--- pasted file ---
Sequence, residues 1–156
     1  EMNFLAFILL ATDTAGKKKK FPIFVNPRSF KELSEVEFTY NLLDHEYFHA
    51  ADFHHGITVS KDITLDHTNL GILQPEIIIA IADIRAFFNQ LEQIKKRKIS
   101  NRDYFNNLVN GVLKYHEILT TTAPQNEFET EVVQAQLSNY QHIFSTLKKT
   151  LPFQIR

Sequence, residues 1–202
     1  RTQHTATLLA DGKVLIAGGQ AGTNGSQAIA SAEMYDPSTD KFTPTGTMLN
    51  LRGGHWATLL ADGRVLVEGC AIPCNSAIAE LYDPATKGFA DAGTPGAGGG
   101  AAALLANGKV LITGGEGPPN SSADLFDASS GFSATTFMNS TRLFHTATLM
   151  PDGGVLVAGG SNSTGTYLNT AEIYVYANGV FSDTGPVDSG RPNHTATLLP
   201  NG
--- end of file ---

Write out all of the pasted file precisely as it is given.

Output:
Sequence, residues 1–156
     1  EMNFLAFILL ATDTAGKKKK FPIFVNPRSF KELSEVEFTY NLLDHEYFHA
    51  ADFHHGITVS KDITLDHTNL GILQPEIIIA IADIRAFFNQ LEQIKKRKIS
   101  NRDYFNNLVN GVLKYHEILT TTAPQNEFET EVVQAQLSNY QHIFSTLKKT
   151  LPFQIR

Sequence, residues 1–202
     1  RTQHTATLLA DGKVLIAGGQ AGTNGSQAIA SAEMYDPSTD KFTPTGTMLN
    51  LRGGHWATLL ADGRVLVEGC AIPCNSAIAE LYDPATKGFA DAGTPGAGGG
   101  AAALLANGKV LITGGEGPPN SSADLFDASS GFSATTFMNS TRLFHTATLM
   151  PDGGVLVAGG SNSTGTYLNT AEIYVYANGV FSDTGPVDSG RPNHTATLLP
   201  NG